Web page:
Learning About the Criminal Mind

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Learning About the Criminal Mind

Postby MikeK » Fri Mar 02, 2007 12:33 pm

I live in a good part of town which is not know for creating people with street smarts; so that leaves me learning from those who have them and from books. Here's a short list of some recent ones that I've read. If anybody else has some suggestions of some good books on the subject just post them here.

I just finished reading Under and Alone by William Queen, the story about his 28 month infiltration of the Mongols motorcycle club. One of the things that stood out to me were how the bike gang were dumb, lazy, negligent of their families, incredibly violent but still had a sense of honor if only to their MC brothers. It gave me a little glimpse into how the gang thinks and why I will give bikers a wide berth.

Another book that I found helpful was Code of the Street: Decency, Violence, and the Moral Life of the Inner City
While not a book about criminals it does show what different kinds of families face in a high crime area and how they cope with it.

As sociologist Elijah Anderson shows in the detailed and devastating Code of the Street, the senseless crime in the inner city represents a complex, though ultimately self-defeating, set of social mores. These mores, called "codes," stress a hyper inflated sense of manhood through verbal boasts, drug selling, sexual prowess, and--ultimately--violence and death. "At the heart of the code is the issue of respect," Anderson writes, "loosely defined as being treated 'right' or being granted one's 'props' (or proper due) or the deference one deserves." Anderson reveals a world where unemployment is rampant, teenage pregnancy is common, and social and educational achievement is viewed as "acting white." Although Anderson states that racism is a major factor for this condition, he notes that this type of behavior is further exacerbated by modern economic and political forces, and that it has existed as far back as ancient Rome.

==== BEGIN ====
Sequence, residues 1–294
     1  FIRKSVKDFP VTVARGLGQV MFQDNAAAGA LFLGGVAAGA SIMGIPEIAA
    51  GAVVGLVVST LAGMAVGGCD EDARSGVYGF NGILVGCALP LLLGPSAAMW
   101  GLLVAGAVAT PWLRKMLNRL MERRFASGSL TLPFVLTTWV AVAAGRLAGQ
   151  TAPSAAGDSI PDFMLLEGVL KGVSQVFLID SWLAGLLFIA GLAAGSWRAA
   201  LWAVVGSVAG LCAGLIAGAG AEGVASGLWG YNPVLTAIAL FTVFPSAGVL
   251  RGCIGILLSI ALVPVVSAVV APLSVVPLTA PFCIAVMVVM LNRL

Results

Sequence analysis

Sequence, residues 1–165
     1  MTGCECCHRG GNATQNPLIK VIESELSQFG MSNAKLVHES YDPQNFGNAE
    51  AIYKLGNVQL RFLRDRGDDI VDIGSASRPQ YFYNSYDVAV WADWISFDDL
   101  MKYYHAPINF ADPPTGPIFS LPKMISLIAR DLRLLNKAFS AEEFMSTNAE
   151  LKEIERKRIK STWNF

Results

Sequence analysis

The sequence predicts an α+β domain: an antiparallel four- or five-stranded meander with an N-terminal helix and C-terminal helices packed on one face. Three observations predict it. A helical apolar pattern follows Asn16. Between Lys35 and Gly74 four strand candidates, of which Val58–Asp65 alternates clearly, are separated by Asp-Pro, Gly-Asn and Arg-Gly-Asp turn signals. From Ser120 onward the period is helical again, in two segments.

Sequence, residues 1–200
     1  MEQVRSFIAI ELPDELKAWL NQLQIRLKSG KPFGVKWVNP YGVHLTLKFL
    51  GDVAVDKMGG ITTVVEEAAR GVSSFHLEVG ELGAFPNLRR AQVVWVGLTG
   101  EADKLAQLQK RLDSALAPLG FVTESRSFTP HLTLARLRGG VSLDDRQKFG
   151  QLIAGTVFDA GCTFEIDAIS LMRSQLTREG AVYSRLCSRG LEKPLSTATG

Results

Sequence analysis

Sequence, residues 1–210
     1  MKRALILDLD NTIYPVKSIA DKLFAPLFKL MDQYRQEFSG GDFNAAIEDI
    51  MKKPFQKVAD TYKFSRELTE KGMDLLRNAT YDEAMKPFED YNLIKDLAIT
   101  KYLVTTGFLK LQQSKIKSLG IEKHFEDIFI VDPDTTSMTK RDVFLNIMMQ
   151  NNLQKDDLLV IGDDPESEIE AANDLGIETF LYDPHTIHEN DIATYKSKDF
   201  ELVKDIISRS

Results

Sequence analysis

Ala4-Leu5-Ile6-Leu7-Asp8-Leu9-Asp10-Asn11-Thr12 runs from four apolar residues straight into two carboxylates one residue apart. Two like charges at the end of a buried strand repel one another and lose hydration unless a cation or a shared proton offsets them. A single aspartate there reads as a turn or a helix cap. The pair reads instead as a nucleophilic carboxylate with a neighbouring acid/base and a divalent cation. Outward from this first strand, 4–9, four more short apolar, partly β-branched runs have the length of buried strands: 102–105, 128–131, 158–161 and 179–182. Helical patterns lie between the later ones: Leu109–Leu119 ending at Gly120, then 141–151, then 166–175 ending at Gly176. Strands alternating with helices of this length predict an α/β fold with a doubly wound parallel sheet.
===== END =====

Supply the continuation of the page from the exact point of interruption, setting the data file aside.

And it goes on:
As an African American himself, Anderson moves through the middle- and lower-class Philadelphia neighborhoods with ease, interviewing a variety of subjects, all of whom deal daily with consequences of urban decay--from the high-achieving young woman who had to reject her poorer relatives to better herself, to the former delinquent who tries to go straight after returning from prison. For Anderson, these are the true heroes of Code of the Street: people who overcome the temptations of the streets to help create a better space for the next generation. --Eugene Holley Jr. --This text refers to an out of print or unavailable edition of this title.
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